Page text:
We compared printed checklists to those found in the Pilot Operating Handbook for several airplanes and found that the commercial version is not a simple rip-off of the manufacturers. They do, however, contain essentially the same elements. The primary differences are in the order in which some items are outlined – cracking throttle before or after advancing the mixture on engine start, for example – rather than substantive differences. Which is better? Were not sure there is a better in these kinds of cases.
Searching for differences between SureCheck and CheckMate, we find the same kinds of differences – wed hate to call them discrepancies – between the brands, but there are other factors that might come into play for some pilots.
CheckMate makes more use of colors and fonts and boxes. SureCheck tends to use a more straightforward, clean design. We think SureCheck products are a bit easier to read, but CheckMate may suit your taste better and, besides, its not that big a difference anyway.
With that in mind, you may just want to build your own. Using a personal computer and the manufacturers checklist, most people could do a passable job of formatting and constructing a set of checklists that meets their needs. Get the thing laminated at an office supply store and youre ready to go.
This has the advantage in that you can tailor it to your airplane, your equipment, even your home airport if there are idiosyncrasies there. You can make the type a size easy for you to read – important if you wear bifocals – and group items according to what you think is best.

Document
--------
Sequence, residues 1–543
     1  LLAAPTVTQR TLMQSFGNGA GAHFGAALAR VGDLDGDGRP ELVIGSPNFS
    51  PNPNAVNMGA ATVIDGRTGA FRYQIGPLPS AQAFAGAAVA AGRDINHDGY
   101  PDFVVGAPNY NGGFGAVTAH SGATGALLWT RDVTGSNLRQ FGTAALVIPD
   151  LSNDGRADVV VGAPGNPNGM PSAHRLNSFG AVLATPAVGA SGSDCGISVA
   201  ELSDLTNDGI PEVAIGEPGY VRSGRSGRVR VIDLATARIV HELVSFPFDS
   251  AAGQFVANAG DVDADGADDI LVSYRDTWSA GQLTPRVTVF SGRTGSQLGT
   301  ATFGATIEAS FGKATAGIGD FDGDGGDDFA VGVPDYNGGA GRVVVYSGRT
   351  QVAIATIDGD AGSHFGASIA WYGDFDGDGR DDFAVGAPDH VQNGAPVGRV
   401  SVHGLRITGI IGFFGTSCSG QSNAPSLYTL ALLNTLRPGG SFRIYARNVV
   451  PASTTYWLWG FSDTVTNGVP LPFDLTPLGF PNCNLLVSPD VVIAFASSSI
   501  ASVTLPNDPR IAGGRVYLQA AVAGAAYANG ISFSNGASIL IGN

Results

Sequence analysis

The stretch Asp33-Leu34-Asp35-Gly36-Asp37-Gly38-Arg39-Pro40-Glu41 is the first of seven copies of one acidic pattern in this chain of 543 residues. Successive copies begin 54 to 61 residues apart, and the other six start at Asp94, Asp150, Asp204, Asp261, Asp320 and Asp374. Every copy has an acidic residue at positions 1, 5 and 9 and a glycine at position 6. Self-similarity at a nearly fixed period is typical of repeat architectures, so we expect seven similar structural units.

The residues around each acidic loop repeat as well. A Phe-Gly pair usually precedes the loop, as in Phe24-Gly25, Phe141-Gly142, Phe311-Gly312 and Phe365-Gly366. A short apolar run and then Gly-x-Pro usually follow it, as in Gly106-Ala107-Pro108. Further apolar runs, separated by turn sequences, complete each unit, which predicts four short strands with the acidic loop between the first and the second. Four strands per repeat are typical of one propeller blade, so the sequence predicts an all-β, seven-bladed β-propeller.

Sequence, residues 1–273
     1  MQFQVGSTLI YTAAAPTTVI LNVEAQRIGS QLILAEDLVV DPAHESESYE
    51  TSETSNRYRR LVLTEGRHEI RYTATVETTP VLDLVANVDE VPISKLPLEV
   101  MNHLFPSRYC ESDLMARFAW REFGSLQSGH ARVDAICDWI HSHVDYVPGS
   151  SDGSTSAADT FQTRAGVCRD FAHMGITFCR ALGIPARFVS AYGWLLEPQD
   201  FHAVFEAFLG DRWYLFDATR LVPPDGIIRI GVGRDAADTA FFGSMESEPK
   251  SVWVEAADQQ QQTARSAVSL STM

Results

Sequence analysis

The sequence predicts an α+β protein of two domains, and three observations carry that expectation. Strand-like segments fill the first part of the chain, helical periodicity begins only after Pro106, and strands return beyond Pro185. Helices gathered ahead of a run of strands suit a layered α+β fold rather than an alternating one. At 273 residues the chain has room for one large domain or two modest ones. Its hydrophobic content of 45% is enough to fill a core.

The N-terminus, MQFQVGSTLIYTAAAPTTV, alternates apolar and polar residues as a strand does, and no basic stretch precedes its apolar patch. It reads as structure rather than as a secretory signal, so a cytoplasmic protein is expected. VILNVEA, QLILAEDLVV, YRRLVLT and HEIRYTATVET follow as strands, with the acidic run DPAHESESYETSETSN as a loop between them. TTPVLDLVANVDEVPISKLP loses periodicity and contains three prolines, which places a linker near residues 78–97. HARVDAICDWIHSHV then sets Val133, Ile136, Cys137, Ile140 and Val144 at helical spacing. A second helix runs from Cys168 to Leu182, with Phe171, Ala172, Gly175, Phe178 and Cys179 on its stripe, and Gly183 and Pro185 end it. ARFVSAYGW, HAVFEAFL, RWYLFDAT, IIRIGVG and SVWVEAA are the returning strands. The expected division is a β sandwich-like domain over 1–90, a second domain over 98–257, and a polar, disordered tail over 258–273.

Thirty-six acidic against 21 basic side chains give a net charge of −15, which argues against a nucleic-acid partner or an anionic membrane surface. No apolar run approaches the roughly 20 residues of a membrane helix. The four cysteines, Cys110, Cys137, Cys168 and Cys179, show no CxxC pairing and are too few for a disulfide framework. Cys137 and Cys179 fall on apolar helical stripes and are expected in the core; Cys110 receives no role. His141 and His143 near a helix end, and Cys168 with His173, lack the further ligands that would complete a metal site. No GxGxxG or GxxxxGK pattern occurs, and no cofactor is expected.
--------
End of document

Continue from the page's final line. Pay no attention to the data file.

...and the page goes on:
The downside, of course, is that it takes time, maybe a lot of it. The commercial checklists are so common and of such variety that you should be able to find something that fits your needs for less than the cost of an hours worth of avgas.
If you want a simple-to-read laminated chart that is essentially a multi-page reprint from the POH, theyre available for less than $10 from Essco Aircraft. That saves a lot of work.
Some pilots, however, think another chunk of paperwork is the last thing they need to haul around. They would rather use a personal digital assistant than an address book and would rather carry extra batteries than extra pencils.
For this class, the offerings are far more varied. There are a few dedicated electronic devices that handle checklists and possibly other tasks with ease. Up the ante a bit – quite a bit – and you can use avionics that come with the capability to have custom checklists installed.